Which U.S. States Grow the Most Industrial Hemp?

According to data that was released in 2019 by the US Department of Agriculture (USDA), the states that grow the most industrial hemp are Montana, Colorado, Oregon, Kentucky, and Tennessee.

The USDA is responsible for the regulatory oversight of hemp cultivation in the U.S. The Agricultural Act of 2018 paved the way for the cultivation of large qualities of hemp throughout the U.S. That being said, hemp cultivation is still regulated and potential hemp farmers need to be licensed before getting started. Each state sets its own rules and regulations on how hemp is cultivated within its borders. Currently, it is illegal to cultivate hemp in three states in the U.S.

Each state has also allocated a certain amount of acreage for hemp cultivation. This has been increasing from 2018 when hemp was legalized at a federal level. The amount of land that was allocated to hemp farming in Kentucky increased three-fold in 2019, and altogether the amount of land that was cultivated for hemp quadrupled in 2019.

So far, the states that are leading in issuing hemp cultivation licenses are:

  1. Tennessee
  2. Oregon
  3. Kentucky
  4.  Colorado
  5. New York
  6. North Carolina
  7. Pennsylvania
  8. Vermont
  9. California
  10. Montana

Once hemp cultivation licenses are issued, farmers will determine how much hemp to cultivate. In 2019, the following five states legally cultivated the most industrial hemp:

  1. Montana
  2. Colorado
  3. Oregon
  4. Kentucky
  5. Tennessee

1. Industrial Hemp Cultivation in Montana

Montana is the leader in hemp cultivation in the U.S. In total, about 51,000 acres were covered in hemp in 2019. This number includes both small-scale and large-scale farmers. Farmers in Montana have not shied away from experimenting with this relatively new crop for varied reasons. While some are looking for supplemental income, others are using hemp to improve soil conditions through crop rotation.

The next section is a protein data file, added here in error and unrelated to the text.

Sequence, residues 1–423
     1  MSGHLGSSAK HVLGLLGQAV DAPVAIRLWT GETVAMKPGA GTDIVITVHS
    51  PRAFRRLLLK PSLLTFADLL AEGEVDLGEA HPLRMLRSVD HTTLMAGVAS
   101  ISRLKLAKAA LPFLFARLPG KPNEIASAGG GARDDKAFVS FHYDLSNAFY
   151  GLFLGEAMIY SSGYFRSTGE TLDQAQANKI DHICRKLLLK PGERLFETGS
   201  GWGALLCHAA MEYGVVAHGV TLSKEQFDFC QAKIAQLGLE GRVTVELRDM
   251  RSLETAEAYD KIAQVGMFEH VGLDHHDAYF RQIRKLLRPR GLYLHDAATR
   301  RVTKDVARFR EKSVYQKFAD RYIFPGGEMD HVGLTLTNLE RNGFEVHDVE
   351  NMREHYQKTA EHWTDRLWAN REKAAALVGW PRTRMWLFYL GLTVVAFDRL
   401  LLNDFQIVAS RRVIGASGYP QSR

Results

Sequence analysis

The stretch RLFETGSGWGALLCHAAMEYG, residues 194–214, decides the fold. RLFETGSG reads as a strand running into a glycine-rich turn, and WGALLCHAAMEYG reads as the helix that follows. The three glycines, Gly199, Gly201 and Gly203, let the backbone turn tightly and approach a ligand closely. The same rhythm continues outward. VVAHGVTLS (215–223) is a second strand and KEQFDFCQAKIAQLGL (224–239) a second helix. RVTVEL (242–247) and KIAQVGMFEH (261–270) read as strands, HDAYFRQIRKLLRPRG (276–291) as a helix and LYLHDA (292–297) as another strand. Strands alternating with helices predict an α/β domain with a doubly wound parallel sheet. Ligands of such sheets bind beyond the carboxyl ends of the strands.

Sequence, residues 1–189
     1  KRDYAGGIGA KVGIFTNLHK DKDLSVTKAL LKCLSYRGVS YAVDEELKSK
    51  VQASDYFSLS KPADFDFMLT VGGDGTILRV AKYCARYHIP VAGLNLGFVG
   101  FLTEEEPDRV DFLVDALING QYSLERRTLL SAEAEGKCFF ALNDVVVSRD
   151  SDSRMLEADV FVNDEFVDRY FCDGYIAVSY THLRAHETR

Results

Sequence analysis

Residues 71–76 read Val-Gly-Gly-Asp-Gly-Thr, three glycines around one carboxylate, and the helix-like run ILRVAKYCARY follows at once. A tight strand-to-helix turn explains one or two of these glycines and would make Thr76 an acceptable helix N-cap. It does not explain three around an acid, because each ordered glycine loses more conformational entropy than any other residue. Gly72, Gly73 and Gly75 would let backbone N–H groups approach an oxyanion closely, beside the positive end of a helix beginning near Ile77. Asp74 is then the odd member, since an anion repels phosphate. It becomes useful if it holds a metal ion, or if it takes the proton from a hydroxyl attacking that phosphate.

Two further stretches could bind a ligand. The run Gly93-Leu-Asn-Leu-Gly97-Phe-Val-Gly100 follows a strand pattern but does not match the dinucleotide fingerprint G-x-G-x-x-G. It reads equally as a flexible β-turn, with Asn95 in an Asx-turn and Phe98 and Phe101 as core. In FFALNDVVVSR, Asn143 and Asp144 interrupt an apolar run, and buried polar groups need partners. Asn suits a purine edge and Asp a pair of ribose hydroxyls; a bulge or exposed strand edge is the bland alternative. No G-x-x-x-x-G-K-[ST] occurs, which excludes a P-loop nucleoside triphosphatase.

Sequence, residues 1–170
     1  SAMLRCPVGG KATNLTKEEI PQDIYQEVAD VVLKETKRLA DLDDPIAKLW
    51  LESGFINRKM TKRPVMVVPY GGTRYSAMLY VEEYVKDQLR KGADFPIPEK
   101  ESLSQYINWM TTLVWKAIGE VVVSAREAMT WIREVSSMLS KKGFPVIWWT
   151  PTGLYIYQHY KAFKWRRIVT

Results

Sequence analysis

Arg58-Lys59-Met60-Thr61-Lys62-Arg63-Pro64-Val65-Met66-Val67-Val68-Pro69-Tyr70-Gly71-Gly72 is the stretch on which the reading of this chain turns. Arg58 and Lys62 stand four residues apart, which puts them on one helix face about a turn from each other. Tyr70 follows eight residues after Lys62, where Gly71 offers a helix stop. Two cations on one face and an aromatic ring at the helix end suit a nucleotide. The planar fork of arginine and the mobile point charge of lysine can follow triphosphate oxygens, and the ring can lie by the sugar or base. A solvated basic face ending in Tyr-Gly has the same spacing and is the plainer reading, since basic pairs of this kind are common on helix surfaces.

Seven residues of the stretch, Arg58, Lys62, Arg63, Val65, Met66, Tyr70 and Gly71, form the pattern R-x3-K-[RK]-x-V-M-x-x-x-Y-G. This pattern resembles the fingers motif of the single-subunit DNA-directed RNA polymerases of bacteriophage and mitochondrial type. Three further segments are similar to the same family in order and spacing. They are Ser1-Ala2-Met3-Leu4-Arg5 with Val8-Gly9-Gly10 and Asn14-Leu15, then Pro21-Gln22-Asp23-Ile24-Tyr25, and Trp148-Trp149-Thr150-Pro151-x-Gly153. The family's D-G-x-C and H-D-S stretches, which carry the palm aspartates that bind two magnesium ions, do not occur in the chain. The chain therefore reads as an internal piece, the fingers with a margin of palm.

2. Industrial Hemp Cultivation in Colorado

Colorado is known for its cannabis-friendly culture. This state has adopted a similar approach to cannabis sativa sp cultivation, which is a cousin to marijuana. As of now, Colorado is the second-largest hemp cultivator in the U.S. 

Compared to Kentucky, which issued more cultivation licenses, Colorado has more hemp acreage, more hemp farmers, and a more robust hemp market. 

3. Industrial Hemp Cultivation in Oregon

Oregon has a vibrant industrial hemp economy. This includes hemp farmers, processors, and buyers. As of 2019, Oregon was the third-largest producer of industrial hemp in the U.S.

The laws on industrial hemp in Oregon are stringent. Farmers are required to subject their products to tests in order to ensure that they are of food-grade quality, meaning they are without pesticides and other contaminants.

4. Industrial Hemp Cultivation in Kentucky

As of 2019, Kentucky is the fourth-largest producer of industrial hemp in the U.S. 

Kentucky farmers have many things going for them when it comes to hemp cultivation. To begin with, the climate in this region is very suitable for hemp farming. The hemp laws and regulations are friendly, and the state has even invested in an adequate hemp processing infrastructure. This is evidenced by their inventory of hemp fiber decorticates and CBD extractors. Last year the state allotted a total of 12,800 acres for hemp farming. Kentucky also has a robust economy that could meet the demand for industrial hemp products. 

5. Industrial Hemp Production in Tennessee

Tennessee is the fifth largest producer of industrial hemp in the U.S. Although the state microclimate is not favorable for most hemp strains, farmers have tried to experiment with mold-resistant cultivars that can withstand the high rainfall. The laws in this state are favorable for hemp farmers.

Where Is It Legal To Grow Industrial Hemp In The US?

Industrial hemp can be grown in all but three states in the U.S., and they are Idaho, South Dakota and Missouri.